Vaccination rates among U.S. adolescents 13 to 17 years of age showed significant increases in 2008, compared with the previous year. However, coverage still is less than 50 percent for three vaccines specifically recommended for preteens, according to survey findings from the Centers for Disease Control and Prevention (CDC) published in the September 18, 2009, Morbidity and Mortality Weekly Report. The survey showed that between 2007 and 2008, there was an increase in vaccination rates for the tetravalent meningococcal conjugate vaccine (MCV4); the tetanus toxoid, reduced diphtheria toxoid, and acellular pertussis (Tdap) vaccine; and the quadrivalent human papillomavirus (HPV) vaccine. However, fewer then 20 percent of girls had received all three recommended doses of the HPV vaccine. In addition to these three vaccines, the CDC's Advisory Committee on Immunization Practices recommends that adolescents receive the following vaccinations if they did not receive them during childhood: two doses of measles, mumps, and rubella vaccine; three doses of hepatitis B vaccine; and two doses of varicella vaccine. For more information, visit or

AAFP Backs Bill to Increase Ranks of Rural Physicians Through Medical School Grants

The American Academy of Family Physicians (AAFP) is supporting a Senate bill that would give medical schools the resources to establish or expand rural physician training programs. The Rural Physician Pipeline Act of 2009 would award grants to medical schools for the establishment or support of existing programs that provide specialized training to students with an interest in serving rural communities. Although one fourth of the nation's population resides in rural areas, only about 10 percent of the country's physicians practice there. The bill would require medical schools to recruit students from rural areas who have a desire to practice in their hometowns or other rural communities. Medical schools would develop curriculum and training focused on medical issues that are prevalent in underserved rural communities, such as trauma, obstetrics, ultrasonography, oral health, and behavioral health. For more information, visit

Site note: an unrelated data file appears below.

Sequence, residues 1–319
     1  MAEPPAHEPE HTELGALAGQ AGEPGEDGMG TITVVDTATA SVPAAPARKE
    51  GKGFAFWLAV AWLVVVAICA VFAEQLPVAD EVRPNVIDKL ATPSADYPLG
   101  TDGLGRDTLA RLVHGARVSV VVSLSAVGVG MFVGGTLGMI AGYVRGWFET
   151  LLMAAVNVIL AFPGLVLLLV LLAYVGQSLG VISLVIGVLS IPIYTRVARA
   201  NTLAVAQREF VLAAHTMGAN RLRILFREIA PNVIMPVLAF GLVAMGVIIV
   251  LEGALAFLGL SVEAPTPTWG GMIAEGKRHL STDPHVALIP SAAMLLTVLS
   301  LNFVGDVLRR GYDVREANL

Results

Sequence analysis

AMA Launches Comprehensive Patient Flu Health-Assessment Web Site

The American Medical Association (AMA) has launched a comprehensive influenza health-assessment Web site designed to help patients determine the severity of their symptoms. Users can sign up for a free account, enabling them to subscribe to personalized, interactive health service programs. The Web site offers physician-designed tools to help patients evaluate their risk of the novel influenza A (H1N1) virus or the seasonal influenza virus, and decide whether they should get vaccinated. Additionally, patients can share their information with their physician or family members through the Web site. For more information, visit

U.S. Physicians Underprepared to Participate in Pay-for-Performance Programs